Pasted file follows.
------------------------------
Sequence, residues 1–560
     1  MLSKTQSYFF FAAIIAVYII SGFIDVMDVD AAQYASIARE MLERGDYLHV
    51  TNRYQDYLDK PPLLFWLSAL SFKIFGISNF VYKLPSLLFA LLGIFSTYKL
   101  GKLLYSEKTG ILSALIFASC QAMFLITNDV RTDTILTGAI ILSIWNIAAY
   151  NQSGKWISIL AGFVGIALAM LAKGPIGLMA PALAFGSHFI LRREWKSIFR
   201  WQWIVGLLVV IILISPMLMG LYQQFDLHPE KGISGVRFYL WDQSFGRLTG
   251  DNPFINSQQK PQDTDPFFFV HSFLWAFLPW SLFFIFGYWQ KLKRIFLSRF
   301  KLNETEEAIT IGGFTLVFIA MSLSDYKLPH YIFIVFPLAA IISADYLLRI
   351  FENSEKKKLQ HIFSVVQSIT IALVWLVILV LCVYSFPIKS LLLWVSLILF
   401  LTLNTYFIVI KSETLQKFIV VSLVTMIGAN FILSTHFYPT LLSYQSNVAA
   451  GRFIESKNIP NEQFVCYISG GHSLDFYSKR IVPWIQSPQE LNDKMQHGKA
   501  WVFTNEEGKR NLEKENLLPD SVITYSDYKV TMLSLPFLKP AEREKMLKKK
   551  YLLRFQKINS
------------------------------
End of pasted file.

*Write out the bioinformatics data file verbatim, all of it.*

Sequence, residues 1–560
     1  MLSKTQSYFF FAAIIAVYII SGFIDVMDVD AAQYASIARE MLERGDYLHV
    51  TNRYQDYLDK PPLLFWLSAL SFKIFGISNF VYKLPSLLFA LLGIFSTYKL
   101  GKLLYSEKTG ILSALIFASC QAMFLITNDV RTDTILTGAI ILSIWNIAAY
   151  NQSGKWISIL AGFVGIALAM LAKGPIGLMA PALAFGSHFI LRREWKSIFR
   201  WQWIVGLLVV IILISPMLMG LYQQFDLHPE KGISGVRFYL WDQSFGRLTG
   251  DNPFINSQQK PQDTDPFFFV HSFLWAFLPW SLFFIFGYWQ KLKRIFLSRF
   301  KLNETEEAIT IGGFTLVFIA MSLSDYKLPH YIFIVFPLAA IISADYLLRI
   351  FENSEKKKLQ HIFSVVQSIT IALVWLVILV LCVYSFPIKS LLLWVSLILF
   401  LTLNTYFIVI KSETLQKFIV VSLVTMIGAN FILSTHFYPT LLSYQSNVAA
   451  GRFIESKNIP NEQFVCYISG GHSLDFYSKR IVPWIQSPQE LNDKMQHGKA
   501  WVFTNEEGKR NLEKENLLPD SVITYSDYKV TMLSLPFLKP AEREKMLKKK
   551  YLLRFQKINS